Teen twin pregnancies: differences in fetal growth outcomes among blacks and whites.Am J Perinatol 2005; 22(6):335-9AJ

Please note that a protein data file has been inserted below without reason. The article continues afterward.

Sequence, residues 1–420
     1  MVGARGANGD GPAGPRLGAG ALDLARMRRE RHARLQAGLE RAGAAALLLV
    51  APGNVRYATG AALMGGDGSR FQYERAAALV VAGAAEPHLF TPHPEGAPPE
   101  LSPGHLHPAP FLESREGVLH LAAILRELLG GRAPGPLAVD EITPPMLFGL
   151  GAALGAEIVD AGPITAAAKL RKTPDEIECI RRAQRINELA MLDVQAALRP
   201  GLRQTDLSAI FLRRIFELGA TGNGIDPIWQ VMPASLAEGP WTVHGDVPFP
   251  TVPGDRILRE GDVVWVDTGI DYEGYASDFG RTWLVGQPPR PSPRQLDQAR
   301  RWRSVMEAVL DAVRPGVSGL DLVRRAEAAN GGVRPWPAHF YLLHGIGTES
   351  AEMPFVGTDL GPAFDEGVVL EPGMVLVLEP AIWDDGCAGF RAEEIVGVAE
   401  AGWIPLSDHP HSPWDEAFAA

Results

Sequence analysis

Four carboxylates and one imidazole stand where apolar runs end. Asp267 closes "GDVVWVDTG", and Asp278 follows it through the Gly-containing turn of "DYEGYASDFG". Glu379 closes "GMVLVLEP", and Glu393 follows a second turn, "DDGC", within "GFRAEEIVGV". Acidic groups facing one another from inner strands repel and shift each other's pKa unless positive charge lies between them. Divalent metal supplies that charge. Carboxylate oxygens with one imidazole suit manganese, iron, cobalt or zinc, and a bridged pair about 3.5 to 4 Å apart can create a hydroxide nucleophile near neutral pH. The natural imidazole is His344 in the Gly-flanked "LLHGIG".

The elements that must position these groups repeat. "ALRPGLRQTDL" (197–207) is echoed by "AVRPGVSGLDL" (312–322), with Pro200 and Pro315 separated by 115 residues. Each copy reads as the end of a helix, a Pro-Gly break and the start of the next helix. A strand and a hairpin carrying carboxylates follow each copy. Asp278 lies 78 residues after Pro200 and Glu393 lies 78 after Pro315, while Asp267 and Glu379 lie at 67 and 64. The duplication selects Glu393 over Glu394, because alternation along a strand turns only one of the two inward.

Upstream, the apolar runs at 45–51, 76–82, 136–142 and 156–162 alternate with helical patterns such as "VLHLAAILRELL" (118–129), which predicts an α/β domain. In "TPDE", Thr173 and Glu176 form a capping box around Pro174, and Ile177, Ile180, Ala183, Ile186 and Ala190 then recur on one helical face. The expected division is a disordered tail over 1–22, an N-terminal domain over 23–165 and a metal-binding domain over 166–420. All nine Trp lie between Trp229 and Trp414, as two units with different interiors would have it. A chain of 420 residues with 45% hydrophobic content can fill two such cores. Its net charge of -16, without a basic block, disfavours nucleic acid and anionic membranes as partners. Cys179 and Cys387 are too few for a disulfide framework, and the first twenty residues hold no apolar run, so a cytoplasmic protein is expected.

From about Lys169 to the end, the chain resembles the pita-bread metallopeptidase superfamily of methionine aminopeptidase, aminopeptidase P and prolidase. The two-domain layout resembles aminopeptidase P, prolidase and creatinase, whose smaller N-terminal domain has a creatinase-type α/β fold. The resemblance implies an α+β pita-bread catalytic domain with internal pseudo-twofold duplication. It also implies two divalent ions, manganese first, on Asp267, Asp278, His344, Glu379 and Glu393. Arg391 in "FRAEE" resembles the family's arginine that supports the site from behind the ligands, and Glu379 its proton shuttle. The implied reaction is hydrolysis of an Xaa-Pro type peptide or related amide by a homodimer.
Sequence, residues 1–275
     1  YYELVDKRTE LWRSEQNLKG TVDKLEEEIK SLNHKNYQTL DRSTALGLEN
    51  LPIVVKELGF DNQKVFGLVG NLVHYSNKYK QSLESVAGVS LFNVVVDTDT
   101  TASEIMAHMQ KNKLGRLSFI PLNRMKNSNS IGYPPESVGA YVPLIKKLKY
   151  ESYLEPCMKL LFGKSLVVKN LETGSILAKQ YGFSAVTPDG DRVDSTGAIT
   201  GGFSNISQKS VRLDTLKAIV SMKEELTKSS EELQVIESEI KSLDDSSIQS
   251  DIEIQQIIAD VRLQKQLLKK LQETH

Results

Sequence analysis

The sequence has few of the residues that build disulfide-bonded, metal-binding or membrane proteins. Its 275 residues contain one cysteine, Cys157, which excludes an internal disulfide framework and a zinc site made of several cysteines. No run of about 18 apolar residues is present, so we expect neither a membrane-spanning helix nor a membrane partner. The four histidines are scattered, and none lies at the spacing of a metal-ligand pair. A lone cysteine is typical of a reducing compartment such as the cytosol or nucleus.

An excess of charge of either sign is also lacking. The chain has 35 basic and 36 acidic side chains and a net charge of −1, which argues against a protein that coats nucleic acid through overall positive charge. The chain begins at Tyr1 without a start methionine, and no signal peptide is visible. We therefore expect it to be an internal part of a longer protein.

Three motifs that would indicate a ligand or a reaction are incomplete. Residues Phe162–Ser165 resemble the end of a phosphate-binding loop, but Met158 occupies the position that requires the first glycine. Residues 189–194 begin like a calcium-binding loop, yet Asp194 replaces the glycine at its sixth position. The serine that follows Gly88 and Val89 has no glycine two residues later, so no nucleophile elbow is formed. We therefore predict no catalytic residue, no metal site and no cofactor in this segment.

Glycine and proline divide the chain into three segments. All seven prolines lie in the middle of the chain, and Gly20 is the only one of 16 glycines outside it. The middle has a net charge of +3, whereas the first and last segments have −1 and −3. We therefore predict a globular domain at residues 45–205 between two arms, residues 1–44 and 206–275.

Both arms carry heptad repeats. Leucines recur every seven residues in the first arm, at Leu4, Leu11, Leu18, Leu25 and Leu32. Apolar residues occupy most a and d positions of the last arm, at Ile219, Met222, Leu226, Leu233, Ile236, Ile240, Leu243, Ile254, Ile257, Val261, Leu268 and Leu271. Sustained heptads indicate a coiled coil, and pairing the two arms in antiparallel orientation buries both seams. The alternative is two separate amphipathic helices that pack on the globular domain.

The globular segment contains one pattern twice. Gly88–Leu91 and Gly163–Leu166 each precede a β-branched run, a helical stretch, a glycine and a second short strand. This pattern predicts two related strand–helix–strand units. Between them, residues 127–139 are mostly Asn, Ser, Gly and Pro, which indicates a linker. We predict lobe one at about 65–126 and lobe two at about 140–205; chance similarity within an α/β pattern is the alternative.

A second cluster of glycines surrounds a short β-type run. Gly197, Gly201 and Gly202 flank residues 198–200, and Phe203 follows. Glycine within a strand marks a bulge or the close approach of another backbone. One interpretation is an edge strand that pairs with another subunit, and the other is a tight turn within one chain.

We set out to determine the magnitude of black-white disparity in intrauterine fetal growth inhibition among twin births to teenagers (age 15 to 19) in the United States using a retrospective cohort study design. We compared the risk for low and very low birthweight, preterm and very preterm, and small for gestational age between black and white twins born to teen mothers during the period 1995 through 1998. The methodology of generalized estimating equations was used to adjust for the presence of intracluster correlation within twin pairs. A total of 29,307 individual twins were analyzed. For all fetal growth indices examined, infants born to black mothers remained disadvantaged except for preterm birth, for which the risk was comparable to that of whites (adjusted OR, 1.03; 95% confidence interval [CI] 0.95 to 1.11). The racial gap was most marked for low birthweight (OR, 1.27; 95% CI, 1.19, 1.37]) and very low birthweight (OR, 1.30; 95% CI, 1.19 to 1.42). Black twins had an equal level of elevated risk for very preterm and small for gestational age (OR, 1.17; 95% CI, 1.07 to 1.27 and OR, 1.17; 95% CI, 1.07 to 1.28, respectively). In conclusion, we found significant differences in fetal growth parameters between black and white twins born to teen gravidas. Our findings confirm similar black disadvantage reported for singletons. Current prevention strategies aimed at reducing adverse fetal outcomes among teenagers in the United States need to consider the heightened risk among neonates born to black mothers.